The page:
The interns looked incredibly nervous, then at last the shorter one, O'Malley, agreed. "Okay."

Starsky blinked away his astonishment as the intern rattled off the list of supplies needed. He pinched himself. This was a dream. It had to be. No way would any self-respecting hospital allow something like this to happen. They were going to cut open his partner in an elevator? No way.

Before he knew how much time had passed, a nurse appeared with an armful of blue packages. Doctor Burke took them, setting them on another towel on the floor, and put on a pair of sterile surgical gloves.

"Go ahead and intubate him," the senior doctor ordered as he opened one of the packages.

Starsky kneeled numbly on the floor, just behind Doctor Burke. He watched with a pounding heart as the interns titled Hutch's head back and slid a clear tube down his throat. They attached a type of balloon to the protruding end, and the quiet intern, Karev, squeezed it steadily.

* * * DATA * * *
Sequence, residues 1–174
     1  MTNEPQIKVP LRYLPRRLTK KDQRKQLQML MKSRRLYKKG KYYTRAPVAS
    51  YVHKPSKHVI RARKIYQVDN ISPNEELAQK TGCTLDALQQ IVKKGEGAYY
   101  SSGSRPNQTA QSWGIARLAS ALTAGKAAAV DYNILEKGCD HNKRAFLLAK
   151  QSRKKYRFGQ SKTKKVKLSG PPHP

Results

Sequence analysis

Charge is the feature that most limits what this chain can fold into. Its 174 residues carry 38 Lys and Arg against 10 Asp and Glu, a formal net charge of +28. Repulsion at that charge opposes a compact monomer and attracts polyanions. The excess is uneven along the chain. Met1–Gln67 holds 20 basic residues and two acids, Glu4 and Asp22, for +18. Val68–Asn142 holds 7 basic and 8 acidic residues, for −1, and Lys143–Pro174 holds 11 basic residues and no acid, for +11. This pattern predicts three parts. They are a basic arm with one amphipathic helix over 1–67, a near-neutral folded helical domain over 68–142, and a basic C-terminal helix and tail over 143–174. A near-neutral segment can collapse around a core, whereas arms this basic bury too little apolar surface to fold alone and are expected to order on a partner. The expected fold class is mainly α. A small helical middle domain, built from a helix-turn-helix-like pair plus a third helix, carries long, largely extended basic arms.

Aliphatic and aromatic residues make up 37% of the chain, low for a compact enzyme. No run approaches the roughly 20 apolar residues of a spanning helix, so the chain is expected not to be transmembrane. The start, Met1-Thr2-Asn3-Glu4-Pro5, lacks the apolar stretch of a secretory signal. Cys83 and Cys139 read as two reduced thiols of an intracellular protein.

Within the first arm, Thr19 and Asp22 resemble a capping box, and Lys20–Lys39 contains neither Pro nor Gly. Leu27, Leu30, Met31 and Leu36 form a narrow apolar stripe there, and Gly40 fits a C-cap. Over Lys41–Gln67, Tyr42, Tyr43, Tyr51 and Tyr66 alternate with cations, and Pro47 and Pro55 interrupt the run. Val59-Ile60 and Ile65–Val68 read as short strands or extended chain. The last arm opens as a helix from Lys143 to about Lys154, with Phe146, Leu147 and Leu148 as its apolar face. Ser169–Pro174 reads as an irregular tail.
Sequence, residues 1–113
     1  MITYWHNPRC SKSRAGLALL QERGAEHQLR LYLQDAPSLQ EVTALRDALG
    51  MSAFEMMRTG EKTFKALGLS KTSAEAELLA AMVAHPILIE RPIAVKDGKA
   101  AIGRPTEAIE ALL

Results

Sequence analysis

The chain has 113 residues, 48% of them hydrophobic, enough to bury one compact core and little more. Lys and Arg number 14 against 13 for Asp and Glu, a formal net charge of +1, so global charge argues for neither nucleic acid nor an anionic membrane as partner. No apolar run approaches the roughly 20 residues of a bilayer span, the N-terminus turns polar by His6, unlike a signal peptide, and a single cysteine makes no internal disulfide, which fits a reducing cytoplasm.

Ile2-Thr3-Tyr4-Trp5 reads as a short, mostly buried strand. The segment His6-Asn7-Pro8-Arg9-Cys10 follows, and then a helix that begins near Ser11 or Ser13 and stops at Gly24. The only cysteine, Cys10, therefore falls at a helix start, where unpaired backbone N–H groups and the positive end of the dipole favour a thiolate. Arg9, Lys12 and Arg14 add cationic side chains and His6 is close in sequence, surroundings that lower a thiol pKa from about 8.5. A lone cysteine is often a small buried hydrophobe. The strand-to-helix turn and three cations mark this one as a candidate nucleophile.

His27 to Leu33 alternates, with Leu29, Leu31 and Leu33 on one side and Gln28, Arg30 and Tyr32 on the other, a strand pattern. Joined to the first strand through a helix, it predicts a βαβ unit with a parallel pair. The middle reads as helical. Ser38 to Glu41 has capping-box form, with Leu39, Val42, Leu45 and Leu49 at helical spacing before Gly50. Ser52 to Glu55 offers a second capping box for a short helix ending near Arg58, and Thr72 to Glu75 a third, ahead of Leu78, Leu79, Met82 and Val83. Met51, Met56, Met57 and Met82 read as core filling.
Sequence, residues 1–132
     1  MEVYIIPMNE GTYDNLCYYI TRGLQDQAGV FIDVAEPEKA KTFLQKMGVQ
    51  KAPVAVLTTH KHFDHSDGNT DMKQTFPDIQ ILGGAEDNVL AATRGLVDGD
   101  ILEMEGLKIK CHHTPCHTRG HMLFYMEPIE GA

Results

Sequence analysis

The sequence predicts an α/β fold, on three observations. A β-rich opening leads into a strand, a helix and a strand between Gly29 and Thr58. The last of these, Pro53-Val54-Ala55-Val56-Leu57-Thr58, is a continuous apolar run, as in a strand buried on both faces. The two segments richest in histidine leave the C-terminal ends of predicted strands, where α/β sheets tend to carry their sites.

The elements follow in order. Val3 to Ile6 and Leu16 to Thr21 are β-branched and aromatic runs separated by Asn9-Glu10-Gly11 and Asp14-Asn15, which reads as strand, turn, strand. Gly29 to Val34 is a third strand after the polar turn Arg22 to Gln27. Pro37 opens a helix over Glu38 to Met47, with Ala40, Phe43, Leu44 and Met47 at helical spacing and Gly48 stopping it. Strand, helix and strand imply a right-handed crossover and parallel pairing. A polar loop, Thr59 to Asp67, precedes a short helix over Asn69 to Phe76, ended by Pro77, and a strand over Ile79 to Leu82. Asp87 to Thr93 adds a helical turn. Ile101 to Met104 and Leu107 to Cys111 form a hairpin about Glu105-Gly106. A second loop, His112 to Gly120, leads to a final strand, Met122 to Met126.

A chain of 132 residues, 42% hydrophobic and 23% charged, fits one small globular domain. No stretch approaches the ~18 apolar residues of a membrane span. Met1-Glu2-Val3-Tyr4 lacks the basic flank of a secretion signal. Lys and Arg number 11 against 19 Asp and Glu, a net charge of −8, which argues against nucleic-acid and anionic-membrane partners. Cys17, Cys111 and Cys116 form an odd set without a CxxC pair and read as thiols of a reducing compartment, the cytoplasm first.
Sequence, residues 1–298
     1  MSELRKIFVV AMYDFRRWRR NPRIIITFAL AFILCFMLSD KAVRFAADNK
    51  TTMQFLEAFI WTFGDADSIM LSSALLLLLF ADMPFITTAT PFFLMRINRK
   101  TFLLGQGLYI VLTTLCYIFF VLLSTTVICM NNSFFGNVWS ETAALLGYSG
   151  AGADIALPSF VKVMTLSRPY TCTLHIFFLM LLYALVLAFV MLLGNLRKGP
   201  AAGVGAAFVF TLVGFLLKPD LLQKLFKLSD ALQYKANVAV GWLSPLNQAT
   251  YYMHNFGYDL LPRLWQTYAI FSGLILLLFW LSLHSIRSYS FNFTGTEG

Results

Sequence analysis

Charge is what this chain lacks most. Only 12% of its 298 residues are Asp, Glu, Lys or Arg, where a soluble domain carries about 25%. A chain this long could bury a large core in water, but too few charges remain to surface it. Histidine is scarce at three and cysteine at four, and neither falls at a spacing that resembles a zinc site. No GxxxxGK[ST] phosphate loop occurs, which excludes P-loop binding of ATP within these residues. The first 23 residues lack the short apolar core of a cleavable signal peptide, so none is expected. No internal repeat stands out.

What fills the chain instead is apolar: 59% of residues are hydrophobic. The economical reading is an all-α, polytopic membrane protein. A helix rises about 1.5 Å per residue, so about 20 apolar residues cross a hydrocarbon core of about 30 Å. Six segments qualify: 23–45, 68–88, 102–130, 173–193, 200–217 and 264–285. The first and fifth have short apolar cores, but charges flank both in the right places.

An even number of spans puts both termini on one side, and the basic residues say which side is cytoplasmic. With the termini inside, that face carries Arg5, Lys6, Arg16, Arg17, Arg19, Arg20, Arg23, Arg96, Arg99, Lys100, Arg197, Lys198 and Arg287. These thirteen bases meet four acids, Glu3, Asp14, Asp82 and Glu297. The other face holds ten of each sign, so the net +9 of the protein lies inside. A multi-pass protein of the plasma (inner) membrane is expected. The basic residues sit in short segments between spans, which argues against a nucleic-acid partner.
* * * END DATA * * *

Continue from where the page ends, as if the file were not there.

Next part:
Starsky realized they were breathing for Hutch, and his eyes filled with water.

He rocked back on his heels before he fell over, and his rear end hit the floor hard.

Unfortunately, it wasn't hard enough to wake him from this nightmare.

"Good, now you're going to make a cut near the bullet wound." Doctor Burke was handing a scalpel through the small opening, and it gleamed in the dim lighting.

O'Malley looked at the object for a long moment before taking it. "How long?" he questioned in a voice that wasn't anywhere near as steady as Starsky would have liked it to be.

The doctor replied using directional terms of the human anatomy, but the only part Starsky understood was, "Long enough to fit two hands inside."

"Inside?" Starsky croaked. He was starting to feel nauseous. He was also ignored.

The intern began to cut and Doctor Burke continued, "Don't cut too hard or you'll slice the heart and lungs."

Starsky closed his eyes a second before O'Malley did. "This can't be happening," Starsky murmured, hoping and praying that when he opened his eyes, he and Hutch would be at Huggy's eating dinner. Anywhere but here, feeling suspiciously light-headed in the hallway of a dark hospital.